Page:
bims-reprim Biomed News
on Reproductive immunology
Issue of 2021‒04‒25
three papers selected by
Iva Filipovic
Karolinska Institutet

  1. Immunity. 2021 Apr 19. pii: S1074-7613(21)00133-3. [Epub ahead of print]
      The conserved CD94/NKG2A inhibitory receptor is expressed by nearly all human and ∼50% of mouse uterine natural killer (uNK) cells. Binding human HLA-E and mouse Qa-1, NKG2A drives NK cell education, a process of unknown physiological importance influenced by HLA-B alleles. Here, we show that NKG2A genetic ablation in dams mated with wild-type males caused suboptimal maternal vascular responses in pregnancy, accompanied by perturbed placental gene expression, reduced fetal weight, greater rates of smaller fetuses with asymmetric growth, and abnormal brain development. These are features of the human syndrome pre-eclampsia. In a genome-wide association study of 7,219 pre-eclampsia cases, we found a 7% greater relative risk associated with the maternal HLA-B allele that does not favor NKG2A education. These results show that the maternal HLA-B→HLA-E→NKG2A pathway contributes to healthy pregnancy and may have repercussions on offspring health, thus establishing the physiological relevance for NK cell education. VIDEO ABSTRACT.
    Keywords:  HLA-B; HLA-E; NK cells; NKG2A; asymmetric fetal growth; inhibitory receptors; placenta; pregnancy; uterine natural killer cells
  2. Med (N Y). 2021 Apr 13.
      Background: SARS-CoV-2 infection appears to increase the risk of adverse pregnancy outcomes such as preeclampsia in pregnant women. The mechanism(s) by which this occurs remains unclear.Methods: We investigated the pathophysiology of SARS-CoV-2 at maternal-fetal interface in pregnant women who tested positive for the virus using RNA in situ hybridization (viral RNA), immunohistochemistry, and hematoxylin and eosin staining. To investigate whether viral infection alters the renin angiotensin system (RAS) in placenta which controls blood pressure, we treated human trophoblasts with recombinant Spike protein or a live modified virus with a vesicular stomatitis viral backbone expressing Spike protein (VSV-S).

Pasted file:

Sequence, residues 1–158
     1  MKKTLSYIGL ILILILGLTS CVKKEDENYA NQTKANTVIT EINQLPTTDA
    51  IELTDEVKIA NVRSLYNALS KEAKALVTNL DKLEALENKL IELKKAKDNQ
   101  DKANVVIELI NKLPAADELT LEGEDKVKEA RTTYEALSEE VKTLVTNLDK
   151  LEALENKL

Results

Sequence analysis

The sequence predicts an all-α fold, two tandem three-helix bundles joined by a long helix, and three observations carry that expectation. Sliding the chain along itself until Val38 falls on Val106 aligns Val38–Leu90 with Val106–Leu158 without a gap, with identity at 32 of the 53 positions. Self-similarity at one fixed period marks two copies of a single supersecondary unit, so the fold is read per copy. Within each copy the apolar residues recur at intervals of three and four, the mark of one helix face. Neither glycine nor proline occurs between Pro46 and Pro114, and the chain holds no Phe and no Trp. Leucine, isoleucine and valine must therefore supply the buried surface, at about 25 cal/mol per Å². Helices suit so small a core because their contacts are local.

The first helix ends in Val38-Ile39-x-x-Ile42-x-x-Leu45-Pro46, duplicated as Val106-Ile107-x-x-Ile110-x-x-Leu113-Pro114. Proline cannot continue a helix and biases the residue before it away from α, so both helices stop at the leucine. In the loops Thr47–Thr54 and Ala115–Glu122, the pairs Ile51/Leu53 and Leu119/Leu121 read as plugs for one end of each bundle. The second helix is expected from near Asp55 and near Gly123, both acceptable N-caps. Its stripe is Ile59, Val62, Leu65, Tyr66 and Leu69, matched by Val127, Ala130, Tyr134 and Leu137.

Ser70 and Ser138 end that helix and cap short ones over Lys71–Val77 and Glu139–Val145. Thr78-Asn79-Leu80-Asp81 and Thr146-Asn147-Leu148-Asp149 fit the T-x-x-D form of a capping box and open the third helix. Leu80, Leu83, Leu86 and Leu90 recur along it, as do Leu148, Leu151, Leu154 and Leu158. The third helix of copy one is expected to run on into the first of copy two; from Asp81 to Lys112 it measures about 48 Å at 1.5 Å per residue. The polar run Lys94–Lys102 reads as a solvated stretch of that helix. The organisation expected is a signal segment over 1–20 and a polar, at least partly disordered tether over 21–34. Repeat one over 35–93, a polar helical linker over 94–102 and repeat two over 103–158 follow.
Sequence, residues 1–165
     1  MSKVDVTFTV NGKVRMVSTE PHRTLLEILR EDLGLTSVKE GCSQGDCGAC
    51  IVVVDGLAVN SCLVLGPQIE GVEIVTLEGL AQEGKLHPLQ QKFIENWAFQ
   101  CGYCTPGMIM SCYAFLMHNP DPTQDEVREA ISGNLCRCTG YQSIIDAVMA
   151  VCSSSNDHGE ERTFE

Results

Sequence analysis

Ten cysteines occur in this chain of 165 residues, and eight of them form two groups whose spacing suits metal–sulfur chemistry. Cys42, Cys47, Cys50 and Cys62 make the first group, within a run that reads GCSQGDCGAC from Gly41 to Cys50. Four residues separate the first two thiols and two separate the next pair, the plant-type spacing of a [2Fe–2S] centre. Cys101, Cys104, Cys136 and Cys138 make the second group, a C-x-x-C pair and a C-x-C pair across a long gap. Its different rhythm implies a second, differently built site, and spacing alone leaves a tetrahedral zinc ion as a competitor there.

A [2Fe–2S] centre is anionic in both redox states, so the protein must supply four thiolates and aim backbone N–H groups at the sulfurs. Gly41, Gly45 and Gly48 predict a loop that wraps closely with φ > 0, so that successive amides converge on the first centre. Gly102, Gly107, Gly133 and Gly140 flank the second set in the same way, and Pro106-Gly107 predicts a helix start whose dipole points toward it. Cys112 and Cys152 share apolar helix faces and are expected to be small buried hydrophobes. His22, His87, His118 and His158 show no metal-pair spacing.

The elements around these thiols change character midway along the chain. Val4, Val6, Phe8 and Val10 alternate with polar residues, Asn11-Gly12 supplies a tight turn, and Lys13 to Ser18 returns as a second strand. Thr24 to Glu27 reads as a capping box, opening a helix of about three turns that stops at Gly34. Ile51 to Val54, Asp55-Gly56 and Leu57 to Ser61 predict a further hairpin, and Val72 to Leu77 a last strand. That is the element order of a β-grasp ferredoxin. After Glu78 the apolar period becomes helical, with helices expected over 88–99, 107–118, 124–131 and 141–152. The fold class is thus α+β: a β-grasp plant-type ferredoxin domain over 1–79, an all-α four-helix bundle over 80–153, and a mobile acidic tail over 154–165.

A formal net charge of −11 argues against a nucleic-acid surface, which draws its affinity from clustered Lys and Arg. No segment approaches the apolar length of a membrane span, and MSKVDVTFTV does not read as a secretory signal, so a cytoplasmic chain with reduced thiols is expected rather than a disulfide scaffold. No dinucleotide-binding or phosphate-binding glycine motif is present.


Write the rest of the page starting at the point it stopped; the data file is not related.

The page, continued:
Findings: Viral colonization was highest in maternal decidua, fetal trophoblasts, Hofbauer cells, and in placentas delivered prematurely. We localized SARS-CoV-2 to cells expressing Angiotensin-converting enzyme 2 (ACE2), and demonstrate that infected placentas had significantly reduced ACE2. In response to both Spike protein and VSV-S, cellular ACE2 decreased while Angiotensin II receptor type 1 (AT1R) increased with concomitant increase in soluble fms-like tyrosine kinase-1(sFlt1). Viral infection decreased pro-angiogenic factors, AT2R and Placental growth factor, which competitively binds to sFlt1. Sera from infected pregnant women had elevated levels of sFlt1 and Angiotensin II type 1-Receptor Autoantibodies prior to delivery, both signatory markers of preeclampsia.
    Conclusions: SARS-CoV-2 colonizes ACE2-expressing maternal and fetal cells in the placenta. Infection in pregnant women correlates with alteration of placental RAS. As RAS regulates blood pressure, SARS-CoV-2 infection may thus increase adverse hemodynamic outcomes such as preeclampsia in pregnant women.
    Funding: NIH/NICHD grants R01 HD091218 and 3R01HD091218-04S1 (RADx-UP Supplement).
    Keywords:  ACE2; AT1R; PIGF; decidua; extravillous trophoblasts; placenta; preeclampsia; pregnancy; sFlt1
  3. Proc Natl Acad Sci U S A. 2021 Apr 13. pii: e2014464118. [Epub ahead of print]118(15):
      Stress is associated with numerous chronic diseases, beginning in fetal development with in utero exposures (prenatal stress) impacting offspring's risk for disorders later in life. In previous studies, we demonstrated adverse maternal in utero immune activity on sex differences in offspring neurodevelopment at age seven and adult risk for major depression and psychoses. Here, we hypothesized that in utero exposure to maternal proinflammatory cytokines has sex-dependent effects on specific brain circuitry regulating stress and immune function in the offspring that are retained across the lifespan. Using a unique prenatal cohort, we tested this hypothesis in 80 adult offspring, equally divided by sex, followed from in utero development to midlife. Functional MRI results showed that exposure to proinflammatory cytokines in utero was significantly associated with sex differences in brain activity and connectivity during response to negative stressful stimuli 45 y later. Lower maternal TNF-α levels were significantly associated with higher hypothalamic activity in both sexes and higher functional connectivity between hypothalamus and anterior cingulate only in men. Higher prenatal levels of IL-6 were significantly associated with higher hippocampal activity in women alone. When examined in relation to the anti-inflammatory effects of IL-10, the ratio TNF-α:IL-10 was associated with sex-dependent effects on hippocampal activity and functional connectivity with the hypothalamus. Collectively, results suggested that adverse levels of maternal in utero proinflammatory cytokines and the balance of pro- to anti-inflammatory cytokines impact brain development of offspring in a sexually dimorphic manner that persists across the lifespan.
    Keywords:  functional brain imaging; prenatal immune programming; prenatal stress; sex; stress circuitry